TRENTON – Trenton Democratic legislators cheered the news that the agency in charge of overseeing repairs at the state’s most run-down schools will have new leadership.
But whether new leadership at the Schools Development Authority will mean progress for the dilapidated structure known as Trenton Central High School remains to be seen, they said.
On Thursday, the administration announced several more second-term Cabinet changes, including SDA head Marc Larkins taking over at the Comptroller’s office, and the governor’s chief counsel, Charles McKenna, taking over at SDA.
SDA is in charge of billions of dollars worth of work in new construction or emergency repairs at schools throughout the state, but 15th District Sen. Shirley Turner and Assemblyman Reed Gusciora and Assemblywoman Bonnie Watson Coleman have long criticized SDA’s lack of work under the Christie administration’s first term.
“The track record speaks for itself,’’ said Gusciora. “It can’t get any worse than the last four years under Larkins.”
Gusciora said that “The Corzine administration set aside $150 million for Trenton and then (Chris) Christie came in and took it off the table, and there was no plan in place.’’
Bonnie Watson Coleman said that while anything is possible with a new SDA leadership in place, she does not believe it is probable.
Larkins, she said “was an instrument of the administration and followed orders.’’ She blames the administration and an “obstructionist bureaucracy’’ for the lack of work at TCHS.
The conditions at TCHS – including a condemned auditorium, buckled floorboards and leaking stairwells – have drawn widespread attention.
This summer the administration did issue a $3 million contract for architectural pre-design work at TCHS to address some of the more serious problems.
But criticism of SDA is not limited to Trenton schools.
This fall, during the election season, a coalition of groups including the N.J. Education Association and the N.J. Work Environment Council came to the Statehouse and displayed photos of leaks, mold, warped floors and other problems at schools throughout the state, including Paterson and Phillipsburg.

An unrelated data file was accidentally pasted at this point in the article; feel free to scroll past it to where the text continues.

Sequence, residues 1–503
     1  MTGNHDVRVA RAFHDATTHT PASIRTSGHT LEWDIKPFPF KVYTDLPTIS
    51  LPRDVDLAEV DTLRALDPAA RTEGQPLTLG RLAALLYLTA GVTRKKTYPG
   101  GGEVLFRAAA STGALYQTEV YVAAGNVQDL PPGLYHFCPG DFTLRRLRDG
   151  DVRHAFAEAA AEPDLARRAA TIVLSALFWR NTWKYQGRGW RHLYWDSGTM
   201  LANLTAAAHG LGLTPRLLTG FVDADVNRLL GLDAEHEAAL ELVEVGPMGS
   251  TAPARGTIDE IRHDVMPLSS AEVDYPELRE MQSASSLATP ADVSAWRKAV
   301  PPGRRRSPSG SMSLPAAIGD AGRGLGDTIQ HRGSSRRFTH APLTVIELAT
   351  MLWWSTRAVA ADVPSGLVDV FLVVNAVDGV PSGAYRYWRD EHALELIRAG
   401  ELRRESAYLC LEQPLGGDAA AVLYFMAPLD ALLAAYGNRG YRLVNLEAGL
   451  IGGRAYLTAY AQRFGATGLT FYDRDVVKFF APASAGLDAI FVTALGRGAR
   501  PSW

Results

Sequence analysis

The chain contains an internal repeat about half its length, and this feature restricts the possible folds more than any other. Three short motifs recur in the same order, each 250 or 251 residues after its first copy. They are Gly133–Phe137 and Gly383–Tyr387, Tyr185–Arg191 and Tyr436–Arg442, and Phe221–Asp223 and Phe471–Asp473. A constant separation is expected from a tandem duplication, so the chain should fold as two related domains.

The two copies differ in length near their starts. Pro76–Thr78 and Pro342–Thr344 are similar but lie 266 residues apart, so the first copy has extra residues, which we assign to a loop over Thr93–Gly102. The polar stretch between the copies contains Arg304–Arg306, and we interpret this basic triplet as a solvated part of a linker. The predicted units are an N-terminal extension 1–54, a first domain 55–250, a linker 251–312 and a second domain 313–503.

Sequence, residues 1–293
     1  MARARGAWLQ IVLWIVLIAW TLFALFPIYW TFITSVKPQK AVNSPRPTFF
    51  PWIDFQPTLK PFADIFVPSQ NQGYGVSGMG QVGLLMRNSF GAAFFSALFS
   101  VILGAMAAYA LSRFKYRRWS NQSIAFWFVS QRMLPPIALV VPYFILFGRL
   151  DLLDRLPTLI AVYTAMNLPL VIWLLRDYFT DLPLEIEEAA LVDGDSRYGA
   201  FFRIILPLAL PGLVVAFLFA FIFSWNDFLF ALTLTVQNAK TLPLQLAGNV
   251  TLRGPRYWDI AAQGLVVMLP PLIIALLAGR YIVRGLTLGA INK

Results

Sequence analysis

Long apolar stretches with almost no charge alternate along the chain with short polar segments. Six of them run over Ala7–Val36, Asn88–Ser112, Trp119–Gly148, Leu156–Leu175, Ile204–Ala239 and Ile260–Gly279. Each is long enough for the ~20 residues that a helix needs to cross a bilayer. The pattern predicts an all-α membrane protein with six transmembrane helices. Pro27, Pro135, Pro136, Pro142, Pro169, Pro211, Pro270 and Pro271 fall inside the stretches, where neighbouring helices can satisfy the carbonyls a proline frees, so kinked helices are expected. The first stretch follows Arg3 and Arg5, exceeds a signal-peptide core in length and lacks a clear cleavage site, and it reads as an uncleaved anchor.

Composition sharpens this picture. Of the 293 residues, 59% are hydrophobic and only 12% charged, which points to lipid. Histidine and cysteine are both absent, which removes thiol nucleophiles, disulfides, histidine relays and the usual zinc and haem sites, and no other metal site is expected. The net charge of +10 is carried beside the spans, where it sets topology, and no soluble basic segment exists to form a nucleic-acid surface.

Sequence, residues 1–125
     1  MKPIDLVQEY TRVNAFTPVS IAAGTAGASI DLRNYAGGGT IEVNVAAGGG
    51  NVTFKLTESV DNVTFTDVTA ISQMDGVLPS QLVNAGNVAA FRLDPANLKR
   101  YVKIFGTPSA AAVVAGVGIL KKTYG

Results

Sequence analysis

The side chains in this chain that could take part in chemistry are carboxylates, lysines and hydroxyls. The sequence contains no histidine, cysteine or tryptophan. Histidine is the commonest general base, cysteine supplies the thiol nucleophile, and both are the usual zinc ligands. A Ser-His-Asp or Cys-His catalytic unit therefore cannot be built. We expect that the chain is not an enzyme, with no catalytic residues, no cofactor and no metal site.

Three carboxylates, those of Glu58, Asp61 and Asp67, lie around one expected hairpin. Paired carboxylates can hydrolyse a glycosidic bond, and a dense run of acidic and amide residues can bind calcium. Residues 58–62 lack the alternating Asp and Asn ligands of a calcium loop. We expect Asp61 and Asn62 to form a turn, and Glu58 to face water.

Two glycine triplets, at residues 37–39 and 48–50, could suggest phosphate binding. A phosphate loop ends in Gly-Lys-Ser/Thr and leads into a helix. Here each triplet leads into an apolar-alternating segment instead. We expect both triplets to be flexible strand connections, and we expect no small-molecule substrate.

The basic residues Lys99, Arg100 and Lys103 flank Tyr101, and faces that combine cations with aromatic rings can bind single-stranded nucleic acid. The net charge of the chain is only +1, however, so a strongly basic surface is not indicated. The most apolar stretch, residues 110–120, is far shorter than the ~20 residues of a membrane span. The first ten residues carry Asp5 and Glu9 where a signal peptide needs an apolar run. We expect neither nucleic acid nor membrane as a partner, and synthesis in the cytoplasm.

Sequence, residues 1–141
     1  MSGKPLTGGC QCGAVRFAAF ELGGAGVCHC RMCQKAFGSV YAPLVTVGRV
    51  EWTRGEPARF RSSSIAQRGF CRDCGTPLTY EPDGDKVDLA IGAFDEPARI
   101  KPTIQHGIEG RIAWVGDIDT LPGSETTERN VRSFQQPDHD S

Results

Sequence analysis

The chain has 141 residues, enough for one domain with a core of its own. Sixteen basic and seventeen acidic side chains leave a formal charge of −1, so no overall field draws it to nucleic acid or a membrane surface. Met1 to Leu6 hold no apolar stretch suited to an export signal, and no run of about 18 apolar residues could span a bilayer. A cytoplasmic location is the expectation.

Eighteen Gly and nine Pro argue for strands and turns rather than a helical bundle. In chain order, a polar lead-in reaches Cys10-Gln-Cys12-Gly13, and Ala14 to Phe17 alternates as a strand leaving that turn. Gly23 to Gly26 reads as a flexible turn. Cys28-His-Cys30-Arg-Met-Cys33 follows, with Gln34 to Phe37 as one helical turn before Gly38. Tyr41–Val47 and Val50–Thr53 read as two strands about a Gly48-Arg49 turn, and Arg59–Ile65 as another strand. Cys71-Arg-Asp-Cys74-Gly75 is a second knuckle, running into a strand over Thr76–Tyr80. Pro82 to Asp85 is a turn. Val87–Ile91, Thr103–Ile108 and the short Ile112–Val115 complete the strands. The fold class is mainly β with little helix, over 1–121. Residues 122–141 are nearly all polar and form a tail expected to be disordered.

The activists wanted SDA to release nearly $4 billion in bond funding to get started on repairs at schools where they say students, staff and teachers are at risk.
SDA responded to the criticism of inaction at Trenton Central High in a prepared release at that time that said “The SDA is investing millions of dollars for construction and improvements for Trenton Central High School for the benefit of the community and its students.
“Emergent projects have already been completed, while design of the overall improvements is under way, which means large-scale construction will begin by the end of the school year when students are out of the building.”
But Turner is among those not getting overly optimistic that a change at the top of SDA will mean change at the facilities it oversees.
“I would like to think so,” Turner said on Thursday, “but I don’t think Marc Larkins is calling the shots.”
So she does not believe a new SDA administrator will make a difference. “It’s just shuffling the chairs, so to speak,” Turner said.
Gusciora said he intends to invite McKenna to tour TCHS and see the conditions there once he takes over at SDA.